Denver Animal Protection now has the dog, but neighbors question why it took so long for them to get him off the streets.
"I think that's a little too late -- that's four incidents too late. I think it should have been taken care of on the first incident," said one neighbor who asked us not to use her name because she fears retaliation.
Officials from Denver County's Animal Protection Services wouldn't give us answer, citing the ongoing investigation of the attacks.
The dog's owner, Martin Pena, is now charged with a felony and misdemeanor charge for unlawful ownership of a dangerous dog.
"I think the dog is vicious," said the neighbor. "Do you feel safe?" asked Denver7 Reporter Jennifer Kovaleski.
"Not at that end of the block -- no, I will not walk on that end of the block," she said. "He'll growl at you and then he does start to bark -- once you know he's growling at you -- you know he's ready to attack."
The neighbor said Pena has let his Rottweiler roam the neighborhood for years.
"He chased me down the street, he chased me down and I tripped over the porch to get in the house away from him," she said.
Out front of Pena's house there are signs that warn of the dog, but that hasn't stopped Loco from biting four people and a handful of pets. Court records show Loco first bit and hurt someone in 2011. The dog attacked an 11-year-old girl who was walking in the alley behind the owner's house.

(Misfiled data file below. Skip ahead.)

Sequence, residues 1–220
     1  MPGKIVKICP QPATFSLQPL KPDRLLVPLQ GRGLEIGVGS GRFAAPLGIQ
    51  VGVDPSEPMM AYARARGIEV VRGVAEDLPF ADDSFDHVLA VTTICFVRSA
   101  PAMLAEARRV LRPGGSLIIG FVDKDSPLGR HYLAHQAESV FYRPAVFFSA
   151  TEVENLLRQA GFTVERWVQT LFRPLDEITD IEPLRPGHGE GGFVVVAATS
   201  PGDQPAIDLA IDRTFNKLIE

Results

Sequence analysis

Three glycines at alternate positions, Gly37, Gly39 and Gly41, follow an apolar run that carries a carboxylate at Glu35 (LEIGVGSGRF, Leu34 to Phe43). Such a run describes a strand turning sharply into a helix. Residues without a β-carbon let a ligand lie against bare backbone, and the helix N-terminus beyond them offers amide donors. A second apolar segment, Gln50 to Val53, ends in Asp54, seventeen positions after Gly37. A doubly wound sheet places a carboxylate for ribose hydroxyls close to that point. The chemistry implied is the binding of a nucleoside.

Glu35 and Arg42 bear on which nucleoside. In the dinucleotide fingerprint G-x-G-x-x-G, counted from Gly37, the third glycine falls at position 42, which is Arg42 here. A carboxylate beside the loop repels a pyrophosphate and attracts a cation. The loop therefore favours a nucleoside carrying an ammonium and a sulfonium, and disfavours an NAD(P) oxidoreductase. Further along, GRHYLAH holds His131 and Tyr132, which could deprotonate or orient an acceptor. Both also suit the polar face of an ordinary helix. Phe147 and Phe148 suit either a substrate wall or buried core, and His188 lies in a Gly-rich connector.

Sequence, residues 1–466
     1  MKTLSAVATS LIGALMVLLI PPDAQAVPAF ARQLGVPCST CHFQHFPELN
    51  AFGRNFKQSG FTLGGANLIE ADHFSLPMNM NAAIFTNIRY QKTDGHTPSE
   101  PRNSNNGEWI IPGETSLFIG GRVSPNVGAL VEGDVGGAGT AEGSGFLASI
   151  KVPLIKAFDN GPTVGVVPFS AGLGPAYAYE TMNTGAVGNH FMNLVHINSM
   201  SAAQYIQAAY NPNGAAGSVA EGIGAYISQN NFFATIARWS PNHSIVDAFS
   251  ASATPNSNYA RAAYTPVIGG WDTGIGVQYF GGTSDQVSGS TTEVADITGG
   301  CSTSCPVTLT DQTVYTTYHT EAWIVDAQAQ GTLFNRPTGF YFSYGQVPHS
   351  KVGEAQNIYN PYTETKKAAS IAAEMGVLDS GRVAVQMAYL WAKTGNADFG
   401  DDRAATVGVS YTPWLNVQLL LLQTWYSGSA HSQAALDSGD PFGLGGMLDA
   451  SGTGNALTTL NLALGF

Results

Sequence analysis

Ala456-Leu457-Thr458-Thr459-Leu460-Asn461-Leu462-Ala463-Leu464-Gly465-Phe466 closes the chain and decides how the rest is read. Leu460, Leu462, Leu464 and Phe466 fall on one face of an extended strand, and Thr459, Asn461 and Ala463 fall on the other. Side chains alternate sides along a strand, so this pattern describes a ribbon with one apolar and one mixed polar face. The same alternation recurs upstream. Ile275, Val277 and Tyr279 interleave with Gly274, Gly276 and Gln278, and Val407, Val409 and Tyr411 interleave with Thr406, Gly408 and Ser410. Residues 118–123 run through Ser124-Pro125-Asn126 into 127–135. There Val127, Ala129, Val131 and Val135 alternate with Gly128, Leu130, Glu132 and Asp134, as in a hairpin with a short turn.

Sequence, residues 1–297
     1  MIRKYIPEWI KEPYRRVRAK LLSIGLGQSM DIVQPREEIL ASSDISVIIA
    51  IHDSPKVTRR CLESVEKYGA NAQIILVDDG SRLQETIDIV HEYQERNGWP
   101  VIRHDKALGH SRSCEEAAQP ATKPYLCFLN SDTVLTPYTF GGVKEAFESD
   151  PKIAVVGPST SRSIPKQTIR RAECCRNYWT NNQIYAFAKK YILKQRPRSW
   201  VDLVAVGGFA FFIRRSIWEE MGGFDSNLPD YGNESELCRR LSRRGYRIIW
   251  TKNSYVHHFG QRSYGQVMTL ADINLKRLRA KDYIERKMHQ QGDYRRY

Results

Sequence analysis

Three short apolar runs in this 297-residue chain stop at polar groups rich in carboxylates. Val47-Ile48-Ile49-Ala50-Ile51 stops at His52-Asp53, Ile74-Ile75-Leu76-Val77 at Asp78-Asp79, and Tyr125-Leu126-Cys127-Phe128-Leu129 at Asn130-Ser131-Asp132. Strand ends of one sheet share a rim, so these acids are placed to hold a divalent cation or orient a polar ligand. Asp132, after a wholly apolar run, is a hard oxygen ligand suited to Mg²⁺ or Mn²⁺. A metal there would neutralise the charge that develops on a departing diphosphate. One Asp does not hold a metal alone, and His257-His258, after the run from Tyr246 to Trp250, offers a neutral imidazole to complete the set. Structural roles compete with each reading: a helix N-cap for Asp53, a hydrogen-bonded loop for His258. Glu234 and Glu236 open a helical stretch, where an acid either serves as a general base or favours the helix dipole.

Following that incident, the dog was impounded and deemed a "dangerous dog." Loco was allowed to go back to his owner's house after Pena agreed to keep his dog confined to a crate. However, in the last six months the dog has bitten three other people.
ACCORDING TO COURT DOCUMENTS, IN TWO OF THE CASES, LOCO BROKE THEIR LEGS.
Kovaleski tried to get answers from the owner, but when she stopped by his house no one answered the door.
Denver Animal Protection would not allow Denver7 to see the animal and it's unclear what will happen to the dog after the pending criminal charges against its owner. Neighbors want Loco gone for good.
"It's kind of horrific for a person to have their children out not knowing if they're going to be attacked," said the neighbor.
So what does it take for a dog to be considered "dangerous" in Denver? The City of Denver considers a dog to be dangerous if:
- The dog is known to attack without being provoked, or
- The dog has attacked or bitten a person or another animal